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Pizza Making Progress Report - June 2011!

With a few special guest product appearances, too!

It's been awhile since we've written about our own at-home pizza making experiences.  The time is right, and the pizza we made last Sunday was ... well, we'll tell you about it.  

Disclaimer: the week before, we'd tried doing some different things: two different dough recipes, neither of which we'd tried before, and a lot of guessing and chance.  It was really terrible. Let's not talk about it.

This time was about focus and keeping it simple. Nothing fancy. Everything kinda just came together, and we got to try a new tool and some very special new tomatoes!


Not too long ago, we received an inquiry from Larry Melberg at Accent A Peel, asking if we'd try out one of his custom-made pizza peels. We agreed to try one, and Larry shipped a peel out to us right away.  Cary tends to get really excited when presented with a new pizza tool (or any package for that matter). He tore open the box, revealing a really fine looking basswood peel. We thought about the last wooden peel we'd purchased (at Target), and believe us, this was a much better product, made with obvious care.

As directed we seasoned it with mineral oil, and the peel was ready to go in a day.

Pizza Peel from Accent A Peel
Pizza peel by Accent A Peel

bianco-dinapoli tomatoes

At around the same time, we'd learned that Chris Bianco (still don't know Chris Bianco? Read our interview with the 'zen master of pizza' here) and Rob DiNapoli were now producing Bianco DiNapoli organic California tomatoes! We asked Chris about them and he sent us some. Can you imagine how excited we were to be able to taste this new brand and use them on a pizza or three?

Big can of Bianco DiNapoli

Making the Pizza

We made our dough on Saturday morning, to be turned into pizzas on Sunday night. By the way, if you don't have a copy of our favorite pizza dough recipe, it's free when you subscribe to our monthly newsletter (just use the short form on the left border of this page).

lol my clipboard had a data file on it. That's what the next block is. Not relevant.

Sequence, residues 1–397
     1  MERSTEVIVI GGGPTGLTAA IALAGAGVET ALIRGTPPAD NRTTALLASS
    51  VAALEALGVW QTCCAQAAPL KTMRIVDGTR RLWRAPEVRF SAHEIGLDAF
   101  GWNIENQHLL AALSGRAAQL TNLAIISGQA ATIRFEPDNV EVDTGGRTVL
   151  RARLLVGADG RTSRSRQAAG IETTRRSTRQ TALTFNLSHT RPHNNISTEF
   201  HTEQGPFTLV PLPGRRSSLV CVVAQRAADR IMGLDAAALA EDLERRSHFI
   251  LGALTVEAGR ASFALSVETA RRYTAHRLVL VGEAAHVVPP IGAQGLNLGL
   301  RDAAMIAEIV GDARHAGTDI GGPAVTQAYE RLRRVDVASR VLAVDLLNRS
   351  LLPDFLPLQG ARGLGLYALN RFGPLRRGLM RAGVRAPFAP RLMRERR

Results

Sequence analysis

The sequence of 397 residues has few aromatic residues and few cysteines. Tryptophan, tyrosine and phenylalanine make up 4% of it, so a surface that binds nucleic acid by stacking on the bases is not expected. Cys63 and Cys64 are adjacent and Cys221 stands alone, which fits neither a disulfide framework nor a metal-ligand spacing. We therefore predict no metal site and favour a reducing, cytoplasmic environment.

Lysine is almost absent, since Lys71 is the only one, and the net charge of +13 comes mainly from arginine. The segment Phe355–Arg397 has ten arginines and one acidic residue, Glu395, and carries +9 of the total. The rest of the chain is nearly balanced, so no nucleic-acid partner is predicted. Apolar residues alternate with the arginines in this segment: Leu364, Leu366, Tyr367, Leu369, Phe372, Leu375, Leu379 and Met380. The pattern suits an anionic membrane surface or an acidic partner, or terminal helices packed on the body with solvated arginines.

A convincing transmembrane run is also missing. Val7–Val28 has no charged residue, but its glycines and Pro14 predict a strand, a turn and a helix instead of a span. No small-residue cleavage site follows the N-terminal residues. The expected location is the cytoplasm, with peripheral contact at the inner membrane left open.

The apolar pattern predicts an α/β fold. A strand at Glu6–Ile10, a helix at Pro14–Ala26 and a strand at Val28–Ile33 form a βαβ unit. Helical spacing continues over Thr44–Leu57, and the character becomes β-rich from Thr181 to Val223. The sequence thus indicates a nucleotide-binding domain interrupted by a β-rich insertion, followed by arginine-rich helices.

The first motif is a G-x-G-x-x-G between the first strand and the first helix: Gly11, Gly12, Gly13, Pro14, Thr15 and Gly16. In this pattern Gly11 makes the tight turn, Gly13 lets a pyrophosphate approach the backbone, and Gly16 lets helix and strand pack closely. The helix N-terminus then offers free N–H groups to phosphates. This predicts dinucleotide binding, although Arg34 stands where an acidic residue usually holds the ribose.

Taking it easy, we made exactly half the dough our recipe calls for, and decided to make three 12-oz doughballs instead of the 10-oz doughballs in the recipe, because we wanted to stretch the dough bigger and get a little closer to a New York pizza size. The day was humid and we could have used less water, but we decided to use a sticky dough, work through it and see how it turned out.

After mixing the dough ingredients by hand, resting, mixing a little more and only a little kneading, we weighed out our dough, shaped the doughballs, coated them with a little olive oil, put them in individual ziplocs and refrigerated them.

We ended up, as expected, with three 12-ouncers and a little 4-ounce 'pizzette.'

It was still nice and early on Saturday, so we made the sauce (click here for a basic pizza sauce recipe). Cary opened the can of Bianco DiNapoli and almost swooned from the delectable tomato aroma. He spooned a tomato out of the can, took a bite, and momentarily considered just crushing the tomatoes and putting that right on the pizza. We're sure it would have been fine.  Lil took a bite, fell in love with the tomatoes too, and we knew that this was gonna be some sauce.